Op 6 Junie 1944 het die Verenigde State en sy bondgenote die grootste amfibiese inval in die geskiedenis aan die oewer van Frankryk geloods. Meer as 150 000 soldate, matrose en vlieëniers het die strande van Normandië bestorm met 'n veldtog wat sou eindig met die onvoorwaardelike oorgawe van Duitsland in Mei 1945.

Franklin D. Roosevelt het as opperbevelhebber van die Amerikaanse weermag tydens die Tweede Wêreldoorlog 'n aktiewe en beslissende rol gespeel in die bepaling van strategie. In sy voortgesette gesprekke met die Britse premier Winston Churchill en met die Amerikaanse gesamentlike stafhoofde, het hy die inval van die Europese vasteland geleidelik bevorder om dit te bevry van Hitler se Duitsland wat uiteindelik op D-dag begin het.

In die nag van 6 Junie 1944 het president Roosevelt op nasionale radio gegaan om die Amerikaanse volk vir die eerste keer toe te spreek oor die inval in Normandië. Sy toespraak het die vorm van 'n gebed aanneem.

Die datum en tyd van die inval in Normandië was hoogs geheim. Tydens 'n nasionale radiouitsending op 5 Junie oor die geallieerde bevryding van Rome, het president Roosevelt geen melding gemaak van die operasie in Normandië wat toe reeds aan die gang was nie. Toe hy op 6 Junie met die land praat, voel die president dat hy sy vroeëre stilte moet verduidelik. Kort voor hy in die lug was, het hy verskeie handgeskrewe reëls by die opening van sy toespraak gevoeg wat die punt aangespreek het. Hulle lees: “ Gisteraand, toe ek met u praat oor die val van Rome, het ek op daardie oomblik geweet dat troepe van die Verenigde State en ons bondgenote die kanaal oorsteek in 'n ander en groter operasie. Dit het tot dusver met sukses gebeur. ”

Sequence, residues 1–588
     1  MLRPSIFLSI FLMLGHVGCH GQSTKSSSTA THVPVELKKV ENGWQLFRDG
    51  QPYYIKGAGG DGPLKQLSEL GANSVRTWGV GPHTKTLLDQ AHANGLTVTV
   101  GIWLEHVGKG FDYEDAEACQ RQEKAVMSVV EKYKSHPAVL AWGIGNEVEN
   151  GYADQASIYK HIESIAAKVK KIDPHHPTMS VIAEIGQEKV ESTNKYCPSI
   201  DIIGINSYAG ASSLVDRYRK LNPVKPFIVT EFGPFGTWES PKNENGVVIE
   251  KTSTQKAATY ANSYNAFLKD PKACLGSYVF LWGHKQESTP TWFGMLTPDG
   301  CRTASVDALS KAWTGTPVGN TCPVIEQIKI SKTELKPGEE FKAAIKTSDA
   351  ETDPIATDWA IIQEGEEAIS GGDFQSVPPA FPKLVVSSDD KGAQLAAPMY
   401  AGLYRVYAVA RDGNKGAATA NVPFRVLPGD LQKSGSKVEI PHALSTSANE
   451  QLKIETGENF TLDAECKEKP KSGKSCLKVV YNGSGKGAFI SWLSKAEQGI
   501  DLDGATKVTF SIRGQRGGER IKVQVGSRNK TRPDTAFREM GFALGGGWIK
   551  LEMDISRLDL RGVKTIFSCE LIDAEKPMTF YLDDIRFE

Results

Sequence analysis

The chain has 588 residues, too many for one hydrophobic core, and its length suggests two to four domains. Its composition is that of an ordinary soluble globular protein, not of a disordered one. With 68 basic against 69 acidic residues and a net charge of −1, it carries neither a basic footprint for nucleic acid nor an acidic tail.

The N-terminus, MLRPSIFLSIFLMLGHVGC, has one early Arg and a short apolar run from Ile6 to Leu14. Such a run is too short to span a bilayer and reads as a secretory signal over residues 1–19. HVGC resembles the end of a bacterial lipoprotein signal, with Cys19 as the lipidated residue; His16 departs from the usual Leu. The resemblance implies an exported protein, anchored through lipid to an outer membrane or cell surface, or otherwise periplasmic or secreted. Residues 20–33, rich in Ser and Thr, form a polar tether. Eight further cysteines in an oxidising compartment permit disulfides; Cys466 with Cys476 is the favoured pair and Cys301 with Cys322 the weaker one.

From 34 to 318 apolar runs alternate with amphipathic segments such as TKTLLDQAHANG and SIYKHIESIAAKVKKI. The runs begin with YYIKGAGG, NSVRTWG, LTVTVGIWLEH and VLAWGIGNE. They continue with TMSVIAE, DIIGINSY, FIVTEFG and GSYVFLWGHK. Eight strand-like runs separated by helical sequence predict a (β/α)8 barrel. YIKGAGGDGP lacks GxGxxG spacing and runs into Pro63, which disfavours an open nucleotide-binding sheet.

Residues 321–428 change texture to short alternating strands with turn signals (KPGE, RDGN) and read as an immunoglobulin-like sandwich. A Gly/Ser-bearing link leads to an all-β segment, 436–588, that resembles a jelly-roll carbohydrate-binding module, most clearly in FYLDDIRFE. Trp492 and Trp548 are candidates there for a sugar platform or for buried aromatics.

Vind meer dokumente en foto's uit die FDR -biblioteekversamelings: (http://docs.fdrlibrary.marist.edu/04DDHOME.HTML)

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Bekendstelling van die Gold Standard

Toe goud in 1848 by Sutter's Mill gevind word, het dit die volgende jaar die California Gold Rush geïnspireer, wat gehelp het om Wes -Amerika te verenig. Dit het destyds inflasie tot gevolg gehad omdat die Verenigde State sedert 1834 reeds op 'n de facto goudstandaard was, sodat die vloed van nuwe goud tot stygende pryse gelei het.

In 1861 het die tesourie -sekretaris, Salmon Chase, die eerste Amerikaanse geldeenheid op papier gedruk. Die Gold Standard Act van 1900 het goud bepaal as die enigste metaal vir die aflossing van papiergeld. Dit stel die waarde van goud op $ 20,67 per ons.

Europese lande wou transaksies op die bloeiende wêreldhandelsmark standaardiseer, en daarom het hulle die goudstandaard teen die 1870's aanvaar. Dit het gewaarborg dat die regering enige hoeveelheid papiergeld sou aflos vir die waarde daarvan in goud, en dit beteken dat transaksies nie meer met swaar goud of muntstukke hoef te gebeur nie, aangesien die geldeenheid van papier nou gewaarborg is aan iets werklik.